Dysphagia: The Difficult Swallowing Dilemma
Many of us experience difficulty swallowing if we eat too fast or don't chew our food well. But, for more than 9-million Americans, this is more than an occasional annoyance. If you continually have difficulty swallowing, or if it's painful to swallow, it could be a medical condition known as Dysphagia.
Dysphagia can be severe and requires treatment. June is Dysphagia Awareness Month, so let's take a look at the symptoms, causes, and treatment of this condition. First, we will begin with the definition of Dysphagia.
What is Dysphagia?
Dysphagia is a condition that causes people to have difficulty swallowing. Those with dysphagia may have difficulties in several aspects of the process of swallowing. These difficulties could occur anywhere in the pathway from the mouth to the stomach. In some cases, those with dysphagia are unaware that their unpleasant symptoms actually stem from a swallowing problem. Next, we will explore the symptoms patients with Dysphagia often report.
Symptoms resulting from a swallowing issue can vary. Some of the most common symptoms may include:
- Coughing before, during, and/or after swallowing
- Persistent throat clearing during meals
- Pain or discomfort when swallowing
- Feeling of food being "stuck in the throat"
- Tension in the throat while trying to swallow
- Heartburn or food/liquid coming back up after being swallowed
- Food or liquid spilling from mouth, lips, and/or nose
- Difficulty and/or excessive chewing
- Food that remains on the tongue after swallowing
- Food that remains in cheeks after swallowing
- Shortness of breath while chewing or swallowing
- Avoidance of food, poor appetite, and/or unexplained weight loss
Now, let's talk about common causes of Dysphagia.
The causes for Dysphagia may differ, depending on the type you experience. Some common causes are:
- Neurological- weakening from an event such as stroke or brain injury. It could also be a result of the progression of neurodegenerative disease processes like Parkinson's disease, ALS, or dementia
- Gastrointestinal- conditions such as acid reflux disease, scleroderma, esophageal strictures or obstructions
- Respiratory diseases- some conditions make it difficult to coordinate breathing and swallowing cycles during meals, such as pneumonia or COPD
- Cancer- as a result of cancerous tumors or cancer treatments like chemotherapy, radiation, and surgical procedures to the head and neck. These treatments could cause changes in swallowing anatomy and function
- Acute infections- some infections can cause changes in thinking which, in turn, may affect swallowing. Examples include sepsis, encephalopathy, or urinary tract infections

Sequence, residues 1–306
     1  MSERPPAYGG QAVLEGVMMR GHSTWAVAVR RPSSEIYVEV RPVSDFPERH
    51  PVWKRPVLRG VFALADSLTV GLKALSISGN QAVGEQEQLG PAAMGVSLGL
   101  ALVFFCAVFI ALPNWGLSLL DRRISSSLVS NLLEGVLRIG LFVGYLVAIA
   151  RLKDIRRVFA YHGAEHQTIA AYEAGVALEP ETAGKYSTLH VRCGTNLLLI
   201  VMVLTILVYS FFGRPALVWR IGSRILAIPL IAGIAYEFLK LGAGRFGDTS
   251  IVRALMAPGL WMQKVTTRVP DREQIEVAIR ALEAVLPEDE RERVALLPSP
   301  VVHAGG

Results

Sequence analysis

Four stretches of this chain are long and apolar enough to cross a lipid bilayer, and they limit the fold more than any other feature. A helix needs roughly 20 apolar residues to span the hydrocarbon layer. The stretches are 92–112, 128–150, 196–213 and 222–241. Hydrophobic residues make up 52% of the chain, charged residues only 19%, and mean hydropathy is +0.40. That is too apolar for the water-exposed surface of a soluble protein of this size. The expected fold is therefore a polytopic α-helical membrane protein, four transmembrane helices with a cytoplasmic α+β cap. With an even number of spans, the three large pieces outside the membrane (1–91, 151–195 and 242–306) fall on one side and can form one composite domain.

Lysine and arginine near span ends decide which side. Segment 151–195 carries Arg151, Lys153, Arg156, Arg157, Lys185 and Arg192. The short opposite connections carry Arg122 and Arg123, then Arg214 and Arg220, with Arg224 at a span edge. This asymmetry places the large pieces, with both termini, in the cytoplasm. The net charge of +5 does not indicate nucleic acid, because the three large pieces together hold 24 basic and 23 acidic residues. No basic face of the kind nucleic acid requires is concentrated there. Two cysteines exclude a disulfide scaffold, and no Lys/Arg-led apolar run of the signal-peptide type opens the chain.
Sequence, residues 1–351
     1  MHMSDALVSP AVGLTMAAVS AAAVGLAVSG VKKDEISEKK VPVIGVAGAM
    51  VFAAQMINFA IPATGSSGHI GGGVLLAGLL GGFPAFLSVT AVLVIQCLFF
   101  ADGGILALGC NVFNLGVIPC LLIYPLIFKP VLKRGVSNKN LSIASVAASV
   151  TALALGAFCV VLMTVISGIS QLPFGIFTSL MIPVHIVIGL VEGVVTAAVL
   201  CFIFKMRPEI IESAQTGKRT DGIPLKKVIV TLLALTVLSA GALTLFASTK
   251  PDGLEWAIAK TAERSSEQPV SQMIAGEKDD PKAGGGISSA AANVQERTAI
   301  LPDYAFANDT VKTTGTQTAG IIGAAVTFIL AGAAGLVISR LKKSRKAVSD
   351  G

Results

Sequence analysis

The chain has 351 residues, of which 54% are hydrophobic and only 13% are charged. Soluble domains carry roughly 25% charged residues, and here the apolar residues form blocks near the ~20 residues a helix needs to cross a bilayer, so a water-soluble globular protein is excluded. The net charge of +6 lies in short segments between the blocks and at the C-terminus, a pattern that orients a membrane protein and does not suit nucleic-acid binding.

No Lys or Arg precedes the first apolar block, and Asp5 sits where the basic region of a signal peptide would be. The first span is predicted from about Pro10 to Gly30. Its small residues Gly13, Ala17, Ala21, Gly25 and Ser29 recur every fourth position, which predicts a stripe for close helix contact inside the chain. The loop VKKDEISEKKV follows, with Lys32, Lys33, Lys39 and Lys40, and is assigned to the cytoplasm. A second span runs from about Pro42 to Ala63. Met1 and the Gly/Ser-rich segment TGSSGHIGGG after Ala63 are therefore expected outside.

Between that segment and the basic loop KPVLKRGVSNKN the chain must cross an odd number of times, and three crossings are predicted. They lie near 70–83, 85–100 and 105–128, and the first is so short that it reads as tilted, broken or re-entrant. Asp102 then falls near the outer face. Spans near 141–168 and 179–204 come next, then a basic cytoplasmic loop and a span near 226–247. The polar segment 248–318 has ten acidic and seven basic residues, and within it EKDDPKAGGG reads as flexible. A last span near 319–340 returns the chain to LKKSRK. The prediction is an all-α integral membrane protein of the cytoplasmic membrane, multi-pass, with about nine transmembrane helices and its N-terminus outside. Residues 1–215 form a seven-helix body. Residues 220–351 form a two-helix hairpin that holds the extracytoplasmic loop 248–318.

- The process of aging- some changes in swallowing occur as we age. Some of these changes are normal with little importance and others require attention
If you or a loved one has experienced difficulty with swallowing or if you are at risk of developing Dysphagia, don't panic. There is hope for recovery for patients with Dysphagia, but you must first consult with an expert for proper diagnosis and care.
Next, let's examine the beginning of the recovery journey: diagnosis.
If you experience difficulty when swallowing, first check with your doctor. They will likely refer you to see a Speech Pathologist who specializes in the evaluation and treatment of swallowing disorders. Evaluation will begin with a clinical swallowing assessment. Your speech pathologist will interview you to better understand how your swallowing is impacting you. The speech pathologist may also examine your mouth and throat, and assess you while you attempt trials of various foods and liquids.
Results of this assessment may require more formal swallowing tests using radiographic testing or fiberoptic endoscopic testing by the speech pathologist. Referral to a GI doctor may also be needed. Your initial assessment will be used to determine which formal tests fit your swallowing profile best.
Once all of the results from the assessments are available, your care team will use the results to build your treatment program.
Treatment and Recovery
Treatment options could require any or all of the following:
- Individualized exercise plan developed by your speech pathologist to target the weakened or under-performing muscle groups
- Least restrictive diet modification recommendations by your speech pathologist based on the findings of your swallow tests
- Behavior/environmental modifications recommended by your speech pathologist. These modifications could include how, when, or where you eat to promote the best function
- Medical interventions recommended by your physician, which could include medication changes, procedures, or surgical interventions
Help is Available
In conclusion, Dysphagia is a serious medical condition that requires treatment. The primary symptom is difficulty swallowing, but there is a combination of symptoms you may experience. A doctor's referral for speech therapy is the first step to gain more information. Your speech pathologist will perform tests and examinations to determine if you have Dysphagia. Then, the speech pathologist will determine to what extent treatment is necessary, and which treatment approaches may benefit you most.
In many cases, a speech pathologist may be the best course of treatment. Several things can help alleviate symptoms and ensure patients get the nutrition and hydration they need. Identification of the cause and type of Dysphagia, implementation of strengthening exercises to promote the highest level of function, and learning new techniques while swallowing are often involved in best treatment practices.
If you or a loved one is experiencing dysphagia, contact one of our speech therapists today for a full assessment.